Missing user bus?

John (J5) Palmieri johnp at redhat.com
Thu Sep 22 06:25:37 PDT 2005

This would most likely be a post 1.0 thing.  It was brought up some time
ago in a different context I believe by n (Dan Reed) in reference to his
naim application.  YOu should check the archive for the discussion.   I
am not sure if we actually came to a conclusion. 

On Thu, 2005-09-22 at 14:01 +0100, Robert McQueen wrote:
> Currently the specification for D-Bus outlines a system bus, which is
> per-machine, and a session bus, which is per-machine-per-user-per-login,
> and comes into existence when you log in, and goes away when you log out.
> I've got a few ideas of things which are currently (and some stuff I'm
> writing) being made to use the session bus which are actually not per
> session at all, and could well be better served by the addition of a
> third "user bus" (ie per-machine per-user) which can (but doesn't have
> to) persist between sessions. They can fall into one or both of two
> categories: those services which should not be duplicated if you log in
> multiple times, and those services which should be able to persist
> across logins.
> The former are things like evolution-data-server and gconfd, where your
> address book and preferences are clearly per-user and not per-session,
> so if you log in twice there's no good reason to spawn them again. The
> latter are things you don't want to go away between sessions, the
> example I'm thinking of being something like a connection to an IM
> server which could stay around and log your messages or forward them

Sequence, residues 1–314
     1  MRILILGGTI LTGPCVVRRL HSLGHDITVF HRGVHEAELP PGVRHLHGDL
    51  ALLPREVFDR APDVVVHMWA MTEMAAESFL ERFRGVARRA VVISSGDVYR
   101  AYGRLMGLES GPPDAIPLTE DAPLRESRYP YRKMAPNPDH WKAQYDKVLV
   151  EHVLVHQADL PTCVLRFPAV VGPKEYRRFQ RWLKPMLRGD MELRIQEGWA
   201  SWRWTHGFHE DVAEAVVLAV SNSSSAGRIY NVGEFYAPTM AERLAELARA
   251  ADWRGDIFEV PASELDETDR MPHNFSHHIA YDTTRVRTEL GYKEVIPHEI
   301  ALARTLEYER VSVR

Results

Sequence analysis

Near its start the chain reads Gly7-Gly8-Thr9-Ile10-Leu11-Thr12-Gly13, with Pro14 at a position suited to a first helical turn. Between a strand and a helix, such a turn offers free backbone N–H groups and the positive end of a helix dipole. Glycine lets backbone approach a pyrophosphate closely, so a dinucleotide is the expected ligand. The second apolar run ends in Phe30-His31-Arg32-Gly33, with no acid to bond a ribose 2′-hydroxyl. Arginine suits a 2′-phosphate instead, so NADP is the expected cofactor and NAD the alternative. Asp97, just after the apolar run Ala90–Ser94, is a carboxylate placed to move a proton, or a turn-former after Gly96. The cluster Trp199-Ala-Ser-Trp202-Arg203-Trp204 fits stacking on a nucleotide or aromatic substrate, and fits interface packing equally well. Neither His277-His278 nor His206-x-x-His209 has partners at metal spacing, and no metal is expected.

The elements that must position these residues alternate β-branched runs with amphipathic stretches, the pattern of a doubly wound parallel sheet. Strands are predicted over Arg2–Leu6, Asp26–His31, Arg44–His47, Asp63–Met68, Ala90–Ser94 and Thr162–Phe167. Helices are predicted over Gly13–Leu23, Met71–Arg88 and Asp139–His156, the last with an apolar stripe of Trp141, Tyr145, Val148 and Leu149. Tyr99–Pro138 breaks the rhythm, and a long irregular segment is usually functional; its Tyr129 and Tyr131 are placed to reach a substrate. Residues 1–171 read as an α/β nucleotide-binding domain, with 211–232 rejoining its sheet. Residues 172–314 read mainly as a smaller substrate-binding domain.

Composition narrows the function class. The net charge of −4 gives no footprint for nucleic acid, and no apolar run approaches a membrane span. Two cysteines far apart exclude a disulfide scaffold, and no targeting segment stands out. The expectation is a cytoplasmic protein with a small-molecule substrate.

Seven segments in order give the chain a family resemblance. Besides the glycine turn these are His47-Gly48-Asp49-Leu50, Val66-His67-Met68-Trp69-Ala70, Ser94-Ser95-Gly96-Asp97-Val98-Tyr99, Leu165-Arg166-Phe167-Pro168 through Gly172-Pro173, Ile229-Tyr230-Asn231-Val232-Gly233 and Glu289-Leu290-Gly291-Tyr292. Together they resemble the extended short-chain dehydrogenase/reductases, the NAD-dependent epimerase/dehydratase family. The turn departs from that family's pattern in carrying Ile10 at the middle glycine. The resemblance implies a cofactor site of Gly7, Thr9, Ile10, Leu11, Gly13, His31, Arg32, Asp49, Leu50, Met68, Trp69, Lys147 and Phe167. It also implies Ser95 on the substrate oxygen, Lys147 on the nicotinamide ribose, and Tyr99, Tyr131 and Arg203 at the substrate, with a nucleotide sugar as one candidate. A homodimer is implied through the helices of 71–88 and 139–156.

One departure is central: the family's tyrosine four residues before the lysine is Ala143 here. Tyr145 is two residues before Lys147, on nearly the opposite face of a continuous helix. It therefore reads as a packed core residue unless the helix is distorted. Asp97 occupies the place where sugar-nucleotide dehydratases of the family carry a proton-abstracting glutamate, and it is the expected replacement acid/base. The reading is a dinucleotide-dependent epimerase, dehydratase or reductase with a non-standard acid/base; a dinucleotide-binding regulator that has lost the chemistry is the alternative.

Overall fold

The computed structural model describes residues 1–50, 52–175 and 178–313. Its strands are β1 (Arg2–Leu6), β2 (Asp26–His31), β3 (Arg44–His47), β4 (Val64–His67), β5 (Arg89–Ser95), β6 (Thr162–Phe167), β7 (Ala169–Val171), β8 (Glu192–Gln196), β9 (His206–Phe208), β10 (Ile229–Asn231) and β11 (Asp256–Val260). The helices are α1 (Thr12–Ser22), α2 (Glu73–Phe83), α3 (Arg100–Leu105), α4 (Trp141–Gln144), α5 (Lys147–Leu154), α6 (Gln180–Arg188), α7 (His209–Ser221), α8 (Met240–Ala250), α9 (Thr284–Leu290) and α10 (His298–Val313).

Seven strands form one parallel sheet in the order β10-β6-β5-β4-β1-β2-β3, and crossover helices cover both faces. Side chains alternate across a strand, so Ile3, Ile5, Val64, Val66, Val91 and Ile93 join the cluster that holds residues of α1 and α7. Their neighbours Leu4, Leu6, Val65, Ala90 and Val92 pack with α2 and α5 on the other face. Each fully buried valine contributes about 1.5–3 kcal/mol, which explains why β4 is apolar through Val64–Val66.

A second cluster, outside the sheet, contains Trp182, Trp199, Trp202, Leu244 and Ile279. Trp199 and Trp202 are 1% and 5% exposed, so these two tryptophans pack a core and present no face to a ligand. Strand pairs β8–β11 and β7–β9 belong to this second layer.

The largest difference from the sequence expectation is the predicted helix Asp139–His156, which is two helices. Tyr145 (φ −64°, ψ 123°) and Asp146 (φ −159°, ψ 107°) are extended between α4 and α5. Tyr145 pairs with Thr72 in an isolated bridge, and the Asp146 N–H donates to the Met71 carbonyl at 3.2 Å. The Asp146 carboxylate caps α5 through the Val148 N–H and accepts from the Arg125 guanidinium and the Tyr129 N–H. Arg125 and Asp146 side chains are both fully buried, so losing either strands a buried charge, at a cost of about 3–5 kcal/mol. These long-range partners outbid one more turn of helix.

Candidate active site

> somewhere else, but you want your client to talk to it normally next
> time you log in.
> Its tempting to say that it might be desirable to refcount the session
> bus, have the new session "find" the existing session bus, and then
> terminate the session bus only when all sessions have logged out. I
> don't think this is the correct solution at all because it breaks the
> defined semantics (log in -> start, log out -> end) of the session bus,
> which are still useful in many cases despite the exceptions I've mentioned.
> Firstly, even though there are things as well as the per-machine
> per-user services I mentioned, there are definitely things that you do
> want to be session-specific - if you ask your browser to spawn a new
> window, you don't want it to find your browser in your other session and
> open one there. Secondly, doing a refcounted semi-persistent session bus
> also doesn't really provide a sensible way of persisting user-specific
> bus services on a given machine between logins.
> I think adding a third bus type of a user bus (more persistent than a
> session bus, but per-user unlike the system bus) would address both
> problems. It could be created when necessary, and represent itself with
> a unix socket on disk in a per-user determinable location (in per-user
> directories in /tmp or your home dir for example) protected by
> filesystem permissions. The daemon would stop when all the services went
> away - in some cases these could time out after no use as they currently
> do (eds, galago, gconf) or if they represent a persistent resource (IM
> connection) keep the user bus around while the resource exists.
> Comments? Should I write a spec (and maybe a dbus :D) patch?
> Regards,
> Rob
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John (J5) Palmieri <johnp at redhat.com>

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